A number of people have given kudos to Michael Grunwald's Time magazine piece, "How the Stimulus Is Changing America." But there's one piece of this that's worth taking note of:
[Joe] Biden himself always saw the Recovery Act as a test — not only of the new Administration but of federal spending itself. He knew high-profile screwups could be fatal, stoking antigovernment anger about bureaucrats and two-car funerals. So he spends hours checking in, buttering up and banging heads to keep the stimulus on track, harassing Cabinet secretaries, governors and mayors about unspent broadband funds, weatherization delays and fishy projects. He has blocked some 260 skate parks, picnic tables and highway beautifications that flunked his what-would-your-mom-think test. "Imagine they could have proved we wasted a billion dollars," Biden says. "Gone, man. Gone!"
So far, despite furor over cash it supposedly funneled to contraception (deleted from the bill) and phantom congressional districts (simply typos), the earmark-free Recovery Act has produced surprisingly few scandals. Prosecutors are investigating a few fraud allegations, and critics have found some goofy expenditures, like $51,500 for water-safety-mascot costumes or a $50,000 arts grant to a kinky-film house. But those are minor warts, given that unprecedented scrutiny. Biden knows it's early — "I ain't saying mission accomplished!" — but he calls waste and fraud "the dogs that haven't barked."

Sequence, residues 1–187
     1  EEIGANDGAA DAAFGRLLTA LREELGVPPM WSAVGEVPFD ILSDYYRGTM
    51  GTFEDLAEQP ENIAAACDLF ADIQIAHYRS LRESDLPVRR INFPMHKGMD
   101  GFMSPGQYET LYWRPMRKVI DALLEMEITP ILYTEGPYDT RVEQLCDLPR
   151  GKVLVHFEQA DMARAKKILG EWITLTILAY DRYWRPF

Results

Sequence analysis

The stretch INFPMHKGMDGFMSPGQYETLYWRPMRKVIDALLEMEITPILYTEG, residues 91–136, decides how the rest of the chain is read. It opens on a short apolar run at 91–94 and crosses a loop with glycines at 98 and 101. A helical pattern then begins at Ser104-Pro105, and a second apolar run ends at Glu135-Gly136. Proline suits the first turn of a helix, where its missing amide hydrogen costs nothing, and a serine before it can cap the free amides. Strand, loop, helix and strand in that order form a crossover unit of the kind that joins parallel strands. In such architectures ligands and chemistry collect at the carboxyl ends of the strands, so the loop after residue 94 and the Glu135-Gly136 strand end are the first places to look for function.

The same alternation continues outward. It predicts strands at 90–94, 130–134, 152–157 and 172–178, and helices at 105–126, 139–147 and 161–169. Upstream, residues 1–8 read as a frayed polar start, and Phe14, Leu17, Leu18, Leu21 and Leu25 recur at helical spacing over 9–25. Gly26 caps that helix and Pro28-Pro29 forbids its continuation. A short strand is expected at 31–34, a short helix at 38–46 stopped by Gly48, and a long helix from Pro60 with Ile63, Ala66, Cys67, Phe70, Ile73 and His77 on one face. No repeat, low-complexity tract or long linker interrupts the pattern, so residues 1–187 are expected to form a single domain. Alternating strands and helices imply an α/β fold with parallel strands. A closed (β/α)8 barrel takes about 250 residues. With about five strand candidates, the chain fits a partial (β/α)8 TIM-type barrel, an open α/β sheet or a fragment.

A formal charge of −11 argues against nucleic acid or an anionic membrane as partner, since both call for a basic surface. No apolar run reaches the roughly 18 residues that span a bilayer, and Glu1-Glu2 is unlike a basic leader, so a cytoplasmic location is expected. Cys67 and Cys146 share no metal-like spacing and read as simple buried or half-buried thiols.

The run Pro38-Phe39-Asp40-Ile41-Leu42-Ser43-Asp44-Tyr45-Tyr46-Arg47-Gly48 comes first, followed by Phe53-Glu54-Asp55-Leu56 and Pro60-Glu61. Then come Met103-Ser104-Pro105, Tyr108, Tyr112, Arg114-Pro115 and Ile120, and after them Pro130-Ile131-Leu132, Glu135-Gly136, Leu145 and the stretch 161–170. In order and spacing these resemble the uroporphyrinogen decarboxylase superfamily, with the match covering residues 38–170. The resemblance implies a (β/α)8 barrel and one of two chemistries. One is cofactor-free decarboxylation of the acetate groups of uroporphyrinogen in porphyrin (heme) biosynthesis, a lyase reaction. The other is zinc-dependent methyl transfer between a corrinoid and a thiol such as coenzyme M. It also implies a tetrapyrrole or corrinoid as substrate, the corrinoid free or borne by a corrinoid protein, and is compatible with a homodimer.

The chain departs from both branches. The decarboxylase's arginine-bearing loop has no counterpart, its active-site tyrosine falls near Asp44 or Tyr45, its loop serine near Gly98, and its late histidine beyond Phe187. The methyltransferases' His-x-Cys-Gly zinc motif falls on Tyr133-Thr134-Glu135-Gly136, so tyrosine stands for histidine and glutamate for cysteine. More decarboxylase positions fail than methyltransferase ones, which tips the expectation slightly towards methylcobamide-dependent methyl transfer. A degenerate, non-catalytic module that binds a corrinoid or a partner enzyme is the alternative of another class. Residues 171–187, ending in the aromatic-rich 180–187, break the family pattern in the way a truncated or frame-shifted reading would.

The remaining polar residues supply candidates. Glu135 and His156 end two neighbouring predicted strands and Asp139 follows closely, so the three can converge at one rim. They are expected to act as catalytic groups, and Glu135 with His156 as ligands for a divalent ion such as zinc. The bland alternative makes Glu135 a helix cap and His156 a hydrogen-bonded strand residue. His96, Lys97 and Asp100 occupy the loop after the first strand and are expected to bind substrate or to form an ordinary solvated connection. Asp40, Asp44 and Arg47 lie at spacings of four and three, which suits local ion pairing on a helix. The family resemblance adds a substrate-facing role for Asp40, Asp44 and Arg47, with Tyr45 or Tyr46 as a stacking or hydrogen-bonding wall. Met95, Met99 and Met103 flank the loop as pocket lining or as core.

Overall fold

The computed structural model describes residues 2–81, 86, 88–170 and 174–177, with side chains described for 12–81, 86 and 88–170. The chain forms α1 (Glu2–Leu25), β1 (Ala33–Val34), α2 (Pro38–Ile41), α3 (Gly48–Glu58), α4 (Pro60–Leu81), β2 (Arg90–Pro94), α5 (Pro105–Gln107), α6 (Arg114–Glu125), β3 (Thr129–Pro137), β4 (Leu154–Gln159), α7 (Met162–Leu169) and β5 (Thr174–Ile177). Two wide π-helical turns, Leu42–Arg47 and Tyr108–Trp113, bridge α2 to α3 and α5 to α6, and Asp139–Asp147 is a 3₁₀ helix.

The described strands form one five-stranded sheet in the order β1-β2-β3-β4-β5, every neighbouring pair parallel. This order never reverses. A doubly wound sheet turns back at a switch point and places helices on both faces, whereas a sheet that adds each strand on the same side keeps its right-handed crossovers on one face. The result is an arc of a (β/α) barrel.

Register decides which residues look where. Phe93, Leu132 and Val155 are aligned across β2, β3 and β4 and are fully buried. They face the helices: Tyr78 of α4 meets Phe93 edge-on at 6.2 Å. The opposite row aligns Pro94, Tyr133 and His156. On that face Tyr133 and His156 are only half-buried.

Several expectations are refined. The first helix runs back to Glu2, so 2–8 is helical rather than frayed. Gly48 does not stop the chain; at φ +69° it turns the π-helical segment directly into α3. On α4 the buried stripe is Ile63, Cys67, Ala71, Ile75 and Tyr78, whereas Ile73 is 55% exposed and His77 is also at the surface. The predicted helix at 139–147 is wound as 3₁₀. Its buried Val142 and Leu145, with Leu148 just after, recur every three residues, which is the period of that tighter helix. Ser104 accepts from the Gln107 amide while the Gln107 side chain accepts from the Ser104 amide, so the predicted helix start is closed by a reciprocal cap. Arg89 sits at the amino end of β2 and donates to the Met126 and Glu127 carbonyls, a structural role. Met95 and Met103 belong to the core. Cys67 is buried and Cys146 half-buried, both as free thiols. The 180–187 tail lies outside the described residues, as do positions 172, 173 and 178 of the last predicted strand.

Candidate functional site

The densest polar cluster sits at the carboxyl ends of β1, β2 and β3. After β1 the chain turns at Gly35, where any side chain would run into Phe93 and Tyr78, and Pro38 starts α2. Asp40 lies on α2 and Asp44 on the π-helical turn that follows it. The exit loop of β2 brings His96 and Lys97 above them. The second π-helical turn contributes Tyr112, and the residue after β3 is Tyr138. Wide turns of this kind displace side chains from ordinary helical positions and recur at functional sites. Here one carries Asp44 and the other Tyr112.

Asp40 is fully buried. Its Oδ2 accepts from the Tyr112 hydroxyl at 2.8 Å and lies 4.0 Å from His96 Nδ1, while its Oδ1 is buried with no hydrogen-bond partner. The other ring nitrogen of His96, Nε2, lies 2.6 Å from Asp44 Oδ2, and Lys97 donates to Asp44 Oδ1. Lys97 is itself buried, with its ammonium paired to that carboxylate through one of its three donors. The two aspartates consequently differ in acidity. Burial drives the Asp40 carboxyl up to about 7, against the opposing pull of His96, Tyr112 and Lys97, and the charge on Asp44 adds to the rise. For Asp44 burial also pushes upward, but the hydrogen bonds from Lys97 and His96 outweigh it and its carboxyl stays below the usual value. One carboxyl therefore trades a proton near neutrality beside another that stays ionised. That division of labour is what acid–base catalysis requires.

As they say, successful airplane landings don't make the news. But given the scope of the stimulus, this is a pretty remarkable bureaucratic achievement. According to Recovery.gov, the stimulus included $275 billion of contracts, grants, and loans (the rest was tax cuts and entitlements). If you can pass out over a quarter of a trillion dollars without any major examples of what we in Washington call "Waste, Fraud, and Abuse," you've really done something.
Of course, it may just be that we haven't yet located all the WF&A, since our national investigative journalism resources are so depleted, and Republicans don't have the ability to subpoena administration officials. That's possible. But from the beginning, it was clear the administration was trying hard not to give their opponents any fodder to attack the stimulus. It may have been a political calculation, but as Karl Rove always said, good policy is good politics.
-- Paul Waldman